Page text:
Our world is racing more and more towards digital, and our products, platforms and services need to keep up with that transformation. Not only is this digital transformation constantly evolving the way we approach product design and delivery, but we are also held to the changing buying habits, and expectations of our customer bases. These combined, means our products need to transform faster than ever before.
Companies not only need to create digital products and experiences, but they also need to utilise digital technology to better understand what their users really want and what they really need. Customers should be at the centre of all digital transformation, and this is where digital product marketers and managers can really bridge the gap between customers and companies.
A Product Manager has ultimate responsibility for the product, which includes crafting and taking responsibility for the product strategy, development of the product roadmap, and communicating the roadmap to stakeholders and development teams to keep everything on track. The benefits of having a great Product Manager are that they know the customer, and they understand the market.
A Product Manager can help prioritise customers during digital transformation by utilising data on customer patterns, preferences and behaviours, which can then be used to make decisions on designs, user journeys, messaging, and more. The Product Manager becomes the voice of the customer and ensures everything is created with the customer in mind.
To keep up with the rapid digital transformation, Product Managers now need to work at two speeds. They need to be able to plan and execute daily and weekly feature releases, whilst also planning for the overall product roadmap and feature releases over the next 6 to 24 months. This requires close collaboration with all other teams so that everybody knows the direction of the product and the timeframes.
The shift to digital has added pressure on shortening many of these timeframes.
As product ecosystems become more complex, Product Managers are having to manage more frequent releases, updates, and feature releases, on top of more complex pricing strategies, overseeing the application programming interface (API), and identifying key partnerships and often the marketing of the product. In an ideal business, there would be a separate person as the Product Marketing Manager, but in many businesses the Product Manager also absorbs this responsibility.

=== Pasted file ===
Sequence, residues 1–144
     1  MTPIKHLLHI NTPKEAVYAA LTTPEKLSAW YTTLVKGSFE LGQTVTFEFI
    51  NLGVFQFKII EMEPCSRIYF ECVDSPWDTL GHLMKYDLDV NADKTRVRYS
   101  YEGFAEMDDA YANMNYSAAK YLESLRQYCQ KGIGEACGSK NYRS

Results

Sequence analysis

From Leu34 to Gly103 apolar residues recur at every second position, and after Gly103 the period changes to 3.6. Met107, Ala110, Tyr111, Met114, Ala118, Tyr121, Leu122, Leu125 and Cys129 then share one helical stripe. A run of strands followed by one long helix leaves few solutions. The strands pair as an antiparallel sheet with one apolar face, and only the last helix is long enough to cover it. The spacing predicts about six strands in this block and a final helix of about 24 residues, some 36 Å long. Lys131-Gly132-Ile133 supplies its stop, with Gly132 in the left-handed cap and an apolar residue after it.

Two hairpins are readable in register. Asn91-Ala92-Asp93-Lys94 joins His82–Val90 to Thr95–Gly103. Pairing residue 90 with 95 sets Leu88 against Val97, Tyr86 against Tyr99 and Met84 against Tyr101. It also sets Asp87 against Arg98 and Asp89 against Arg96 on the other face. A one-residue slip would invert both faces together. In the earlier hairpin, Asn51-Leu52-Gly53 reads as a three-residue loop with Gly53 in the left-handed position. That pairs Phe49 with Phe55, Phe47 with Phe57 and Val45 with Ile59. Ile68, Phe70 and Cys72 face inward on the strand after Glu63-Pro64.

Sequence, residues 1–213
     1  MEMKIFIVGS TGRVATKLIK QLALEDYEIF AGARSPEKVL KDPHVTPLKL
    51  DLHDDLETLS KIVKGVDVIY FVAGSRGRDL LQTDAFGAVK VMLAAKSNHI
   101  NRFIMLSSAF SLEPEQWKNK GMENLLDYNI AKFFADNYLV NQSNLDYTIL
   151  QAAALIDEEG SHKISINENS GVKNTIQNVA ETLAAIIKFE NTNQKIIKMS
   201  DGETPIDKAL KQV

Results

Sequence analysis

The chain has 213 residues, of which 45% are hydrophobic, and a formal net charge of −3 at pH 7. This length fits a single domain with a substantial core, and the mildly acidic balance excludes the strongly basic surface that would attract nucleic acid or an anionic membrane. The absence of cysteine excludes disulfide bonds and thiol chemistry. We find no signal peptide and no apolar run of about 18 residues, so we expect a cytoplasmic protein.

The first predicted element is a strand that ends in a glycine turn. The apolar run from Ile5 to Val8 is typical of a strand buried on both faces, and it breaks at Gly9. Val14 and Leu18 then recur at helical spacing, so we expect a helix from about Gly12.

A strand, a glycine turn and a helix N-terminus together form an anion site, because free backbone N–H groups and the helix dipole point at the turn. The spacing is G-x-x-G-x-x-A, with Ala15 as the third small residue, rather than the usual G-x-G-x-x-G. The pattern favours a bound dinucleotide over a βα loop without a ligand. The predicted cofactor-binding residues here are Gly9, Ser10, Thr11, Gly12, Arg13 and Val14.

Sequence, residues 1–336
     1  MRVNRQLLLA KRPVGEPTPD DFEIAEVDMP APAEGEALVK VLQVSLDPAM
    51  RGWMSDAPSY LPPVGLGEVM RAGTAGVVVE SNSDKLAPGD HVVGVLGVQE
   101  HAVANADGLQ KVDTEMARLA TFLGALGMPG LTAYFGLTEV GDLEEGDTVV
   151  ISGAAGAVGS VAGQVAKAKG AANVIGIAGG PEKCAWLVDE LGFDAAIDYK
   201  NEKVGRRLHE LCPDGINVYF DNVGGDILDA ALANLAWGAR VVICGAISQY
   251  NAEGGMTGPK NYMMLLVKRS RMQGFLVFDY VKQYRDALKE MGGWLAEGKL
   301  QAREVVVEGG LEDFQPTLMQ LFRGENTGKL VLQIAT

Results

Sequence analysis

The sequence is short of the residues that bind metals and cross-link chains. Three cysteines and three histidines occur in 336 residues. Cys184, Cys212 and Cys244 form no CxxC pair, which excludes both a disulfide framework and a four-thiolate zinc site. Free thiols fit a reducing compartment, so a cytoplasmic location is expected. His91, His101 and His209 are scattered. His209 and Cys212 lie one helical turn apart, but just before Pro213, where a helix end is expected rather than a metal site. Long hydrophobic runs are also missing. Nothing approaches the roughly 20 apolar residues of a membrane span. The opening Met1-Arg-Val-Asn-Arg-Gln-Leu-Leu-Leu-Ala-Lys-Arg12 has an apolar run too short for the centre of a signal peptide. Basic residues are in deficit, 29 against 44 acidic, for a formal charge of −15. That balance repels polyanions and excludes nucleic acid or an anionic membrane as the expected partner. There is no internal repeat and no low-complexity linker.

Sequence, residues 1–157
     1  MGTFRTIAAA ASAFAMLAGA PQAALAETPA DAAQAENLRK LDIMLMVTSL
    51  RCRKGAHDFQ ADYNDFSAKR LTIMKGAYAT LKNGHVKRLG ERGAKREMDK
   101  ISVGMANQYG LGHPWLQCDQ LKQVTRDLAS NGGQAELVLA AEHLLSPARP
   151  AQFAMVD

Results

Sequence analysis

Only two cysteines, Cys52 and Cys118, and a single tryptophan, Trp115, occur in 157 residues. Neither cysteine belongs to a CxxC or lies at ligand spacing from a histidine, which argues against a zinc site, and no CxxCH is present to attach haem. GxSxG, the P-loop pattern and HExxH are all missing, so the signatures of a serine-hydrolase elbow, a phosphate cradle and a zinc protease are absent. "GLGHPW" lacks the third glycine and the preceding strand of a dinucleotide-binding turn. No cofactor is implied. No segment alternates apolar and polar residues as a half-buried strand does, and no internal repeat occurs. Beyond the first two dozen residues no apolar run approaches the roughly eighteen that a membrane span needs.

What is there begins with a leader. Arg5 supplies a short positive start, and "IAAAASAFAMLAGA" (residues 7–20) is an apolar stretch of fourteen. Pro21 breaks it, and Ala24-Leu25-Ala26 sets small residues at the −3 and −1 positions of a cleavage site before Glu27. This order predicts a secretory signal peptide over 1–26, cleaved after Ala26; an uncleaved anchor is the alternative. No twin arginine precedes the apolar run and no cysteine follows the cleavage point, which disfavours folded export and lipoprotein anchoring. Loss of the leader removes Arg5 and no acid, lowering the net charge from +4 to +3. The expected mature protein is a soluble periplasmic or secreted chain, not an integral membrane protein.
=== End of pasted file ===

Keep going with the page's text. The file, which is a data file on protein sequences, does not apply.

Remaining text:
A Product Marketing Manager’s key responsibility is to communicate the product’s value to the wider market, which could include training sales staff on how best to sell the product, creating marketing content that communicates and sells the product, and develops tools, campaigns, and channels to attract new leads. The benefits of having a great Product Marketing Manager are that they know the customer and they know the preferred methods and channels for effective communication between the business and the customer. They know where and how to generate new customers and satisfy existing customers.
Whilst the Product Manager’s role would focus on the strategic oversight of a Product, the Product Marketing Manager would focus more on the messaging. The Product Marketing Manager would still need to learn the strategy, user personas, and customers, because this will help define campaign strategies and tool selections. The Product Manager should clearly articulate the features and benefits of the product, and the Product Marketer will then communicate these features and benefits to customers, the media, and the public and an easily digestible and appealing way.
Depending on the target customer, the Product Marketing Manager may use different tools to convey this messaging, including webinars, digital advertising, PR campaigns, tradeshows, Paid Media campaigns, or blogs/vlogs. The Product Marketing Manager will know the best ways to communicate with the target user in order to really make the product a success.
Organisations need people with the right skills and capabilities to respond to the rapid rate of change that we are currently experiencing, and it is the employees that can be the difference between product success and failure. Whilst Product Management and Product Marketing Management sound similar, they both have very different roles and responsibilities, and approach product in very different ways.
The two roles work very closely together and are often complimentary, but this doesn’t mean both roles should be done by one person. Each role has an intensive workload and require the person to look at Product from very different points of view. It’s simply too much work for one person to assume both roles and execute them both optimally, meaning that some key tasks may get overlooked.
Having two separate people in these roles would mean that all tasks are completed by area specialists and will therefore be completed to a higher standard. There would be an avoidance of burnout (if one person were to try to complete all tasks) and there would be a more efficient distribution of work.
As an increasing number of businesses, even those outside of the traditional tech sector, start to invest in software and technology, it’s integral that business leaders invest in their Product Teams. Building the right product team starts with hiring the right people. So, if you’re looking to hire an exceptional Product Manager or Product Marketing Manager who is right for your business, get in touch with me to partner with Maxwell Bond, the leading Product and Digital Marketing recruitment agency for the UK and Germany.
Maxwell Bond have helped build Product functions from the ground up for SME’s and helped with confidential search opportunities for senior roles for global enterprises.
Partner with the leading tech and digital recruitment agency in the UK for bespoke staffing solutions that will ensure the success of your Product.